To the left and right of me, hapless students flew, body slammed into the lockers with alarming speed. It didn’t escape my notice that these unfortunates had not been chosen randomly. There went Brian. Next, it was Shelly and then Alvin. As I rounded the corner, Stuey grabbed my second cousin Elaine by the shoulders and slammed her face-first into her locker. All these kids were Jews. They were selected for no other reason than their Jewishness.

I envisioned grabbing Stuey by his neck with both hands and clawing at him until my fingernails pierced his skin and blood spurted from his jugular. I wanted to take the clear plastic aquarium algae scraper I made in shop class that very morning and use it gouge out one of Nelson’s eyeballs. In my daydream, Craig would try to run, but I’d catch him by his mullet and shove his head into Elaine’s locker. I’d slam her locker door on him again and again.

My daydream came to an abrupt halt when Stuey said, “Himmelman, it’s your turn to meet the lockers, you (insert invective) kike.” Without a word of warning, he clouted me with a stinging jab right to my nose. It was the first time I’d ever been hit in the face, and while it was agonizing, the blow also somehow was euphoric. I was super-charged with adrenaline. I felt as if I was on fire. But, of course, I didn’t hit Stuey back. God, no. I simply stood there, glowering at the three of them, blood dripping from my Jewish nose. And for the first time in my life, I felt downright heroic. I looked around me and I saw that for now, at least, our bitterest enemies had stopped hip-checking what felt like the entire Jewish nation.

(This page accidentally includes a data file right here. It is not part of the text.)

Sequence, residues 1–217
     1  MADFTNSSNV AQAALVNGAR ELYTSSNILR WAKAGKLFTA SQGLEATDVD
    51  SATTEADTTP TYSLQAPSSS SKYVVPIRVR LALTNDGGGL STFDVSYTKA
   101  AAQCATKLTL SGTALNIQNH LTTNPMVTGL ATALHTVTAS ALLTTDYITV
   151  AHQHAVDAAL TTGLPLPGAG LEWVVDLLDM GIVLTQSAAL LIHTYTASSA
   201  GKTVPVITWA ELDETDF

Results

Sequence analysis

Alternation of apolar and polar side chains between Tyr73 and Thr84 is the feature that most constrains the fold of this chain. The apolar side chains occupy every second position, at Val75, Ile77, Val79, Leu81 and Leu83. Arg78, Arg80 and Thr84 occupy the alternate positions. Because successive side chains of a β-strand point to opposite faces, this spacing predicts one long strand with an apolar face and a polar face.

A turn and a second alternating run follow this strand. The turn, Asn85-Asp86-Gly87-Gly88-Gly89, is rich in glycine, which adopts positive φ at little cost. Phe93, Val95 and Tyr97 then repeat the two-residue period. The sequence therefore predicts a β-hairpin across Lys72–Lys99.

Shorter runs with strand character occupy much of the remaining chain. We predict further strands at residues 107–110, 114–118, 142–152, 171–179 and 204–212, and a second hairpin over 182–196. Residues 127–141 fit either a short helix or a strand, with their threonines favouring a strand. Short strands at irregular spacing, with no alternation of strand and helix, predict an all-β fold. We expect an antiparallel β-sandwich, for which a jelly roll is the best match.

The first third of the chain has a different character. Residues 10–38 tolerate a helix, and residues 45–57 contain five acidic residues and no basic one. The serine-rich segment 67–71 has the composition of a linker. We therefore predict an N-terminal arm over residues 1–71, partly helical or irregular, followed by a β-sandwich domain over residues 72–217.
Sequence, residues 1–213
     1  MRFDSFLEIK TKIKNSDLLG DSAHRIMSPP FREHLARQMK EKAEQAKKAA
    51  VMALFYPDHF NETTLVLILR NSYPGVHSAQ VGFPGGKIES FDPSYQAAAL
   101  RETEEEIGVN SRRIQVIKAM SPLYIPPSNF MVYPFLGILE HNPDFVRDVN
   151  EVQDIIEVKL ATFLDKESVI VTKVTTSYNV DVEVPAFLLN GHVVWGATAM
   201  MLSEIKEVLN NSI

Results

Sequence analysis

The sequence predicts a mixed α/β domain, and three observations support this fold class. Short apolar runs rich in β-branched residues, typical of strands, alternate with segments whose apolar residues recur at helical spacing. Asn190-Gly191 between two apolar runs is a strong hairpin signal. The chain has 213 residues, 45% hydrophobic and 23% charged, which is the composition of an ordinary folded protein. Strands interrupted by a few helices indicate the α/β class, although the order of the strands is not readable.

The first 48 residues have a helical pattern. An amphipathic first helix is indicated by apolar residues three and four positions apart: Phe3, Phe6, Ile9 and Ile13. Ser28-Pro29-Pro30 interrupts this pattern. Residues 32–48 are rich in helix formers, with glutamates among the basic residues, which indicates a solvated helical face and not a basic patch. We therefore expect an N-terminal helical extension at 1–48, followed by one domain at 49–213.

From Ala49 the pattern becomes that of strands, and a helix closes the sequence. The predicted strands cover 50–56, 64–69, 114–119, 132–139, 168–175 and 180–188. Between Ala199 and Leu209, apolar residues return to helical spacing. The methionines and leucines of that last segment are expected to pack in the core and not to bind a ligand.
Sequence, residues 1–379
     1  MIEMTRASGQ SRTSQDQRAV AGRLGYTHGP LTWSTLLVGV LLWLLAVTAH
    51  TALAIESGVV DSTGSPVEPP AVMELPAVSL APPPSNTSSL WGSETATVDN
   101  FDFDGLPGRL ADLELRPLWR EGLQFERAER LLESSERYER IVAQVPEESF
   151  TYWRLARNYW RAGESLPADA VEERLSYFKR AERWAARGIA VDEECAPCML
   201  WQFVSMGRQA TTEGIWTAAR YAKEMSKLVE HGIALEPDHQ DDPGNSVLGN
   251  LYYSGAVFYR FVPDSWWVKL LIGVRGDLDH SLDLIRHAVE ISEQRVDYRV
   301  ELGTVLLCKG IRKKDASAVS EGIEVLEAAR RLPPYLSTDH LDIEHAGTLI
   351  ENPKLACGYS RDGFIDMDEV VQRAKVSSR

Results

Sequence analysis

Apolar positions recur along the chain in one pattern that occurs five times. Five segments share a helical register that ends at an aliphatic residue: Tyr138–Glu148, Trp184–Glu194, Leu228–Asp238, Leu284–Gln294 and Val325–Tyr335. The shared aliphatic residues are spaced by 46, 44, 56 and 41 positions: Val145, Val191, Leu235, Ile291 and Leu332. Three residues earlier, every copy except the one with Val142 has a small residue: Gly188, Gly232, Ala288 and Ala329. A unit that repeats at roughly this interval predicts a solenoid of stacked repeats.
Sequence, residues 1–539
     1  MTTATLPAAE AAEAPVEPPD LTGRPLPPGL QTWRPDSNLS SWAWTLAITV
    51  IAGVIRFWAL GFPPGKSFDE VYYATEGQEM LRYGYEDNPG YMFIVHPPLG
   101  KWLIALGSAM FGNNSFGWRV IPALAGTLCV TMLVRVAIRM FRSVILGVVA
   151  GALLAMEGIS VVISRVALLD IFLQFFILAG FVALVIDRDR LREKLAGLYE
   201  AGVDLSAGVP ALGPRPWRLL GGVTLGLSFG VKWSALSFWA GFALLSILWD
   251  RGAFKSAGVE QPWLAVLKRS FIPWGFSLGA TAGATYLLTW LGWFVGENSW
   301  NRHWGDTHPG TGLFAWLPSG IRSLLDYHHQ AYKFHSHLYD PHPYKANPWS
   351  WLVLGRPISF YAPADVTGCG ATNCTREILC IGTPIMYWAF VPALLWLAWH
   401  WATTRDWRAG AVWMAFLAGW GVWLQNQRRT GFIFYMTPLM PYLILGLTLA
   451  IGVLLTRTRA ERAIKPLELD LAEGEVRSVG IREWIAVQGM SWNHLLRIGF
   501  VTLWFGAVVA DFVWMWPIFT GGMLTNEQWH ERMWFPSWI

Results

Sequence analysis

Six months after that incident, it was summer vacation. We Himmelmans flew from Minneapolis to New York and from there, nonstop to Lod Airport, just beyond Tel Aviv. In less than two days, I was on a towel on the beach in Netanya, looking out at the cerulean blue of the Mediterranean.

As I lay on the hot sand, Mirage fighter jets with blue Jewish stars emblazoned under their wings suddenly streaked so low across the water that I could smell jet fuel. As they screamed overhead, the whole beach seemed to shake. With a strange sense of clannish satisfaction, I stared up at the planes as they roared and finally rocketed out of range.

My youthful experiences gave me a sort of primitive, limited, almost tribal relation to my Judaism. It was almost as if I’d seized upon a pride and love for being Jewish, not out of love for our traditions and culture, but out of hatred for our enemies. In other words, I’d bonded with my fellow Jews, not over the beauty and positivity of Shabbat, but over my fear and animus to those who hate us.

I’ll leave you with a recent vignette. You could say it depicts where my “evolution” has taken me.

I was in Crown Heights, Brooklyn, a few weeks ago. I had just come up out of the subway when a strong wind whipped up and blew the black hat off a young Chassidic man. Who went into the middle of a busy street to return the hat? A young African American man. 

If you’re looking for hate, you’ll find it. A lot of it. 

If you’re looking for love, you’ll find even more. Love always has been, and always will be the greatest source of strength and unity.


Peter Himmelman is a Grammy- and Emmy-nominated singer-songwriter and rock ‘n’ roll performer. He is also the founder of Big Muse, a company that helps organizations leverage the power of their employees’ creativity.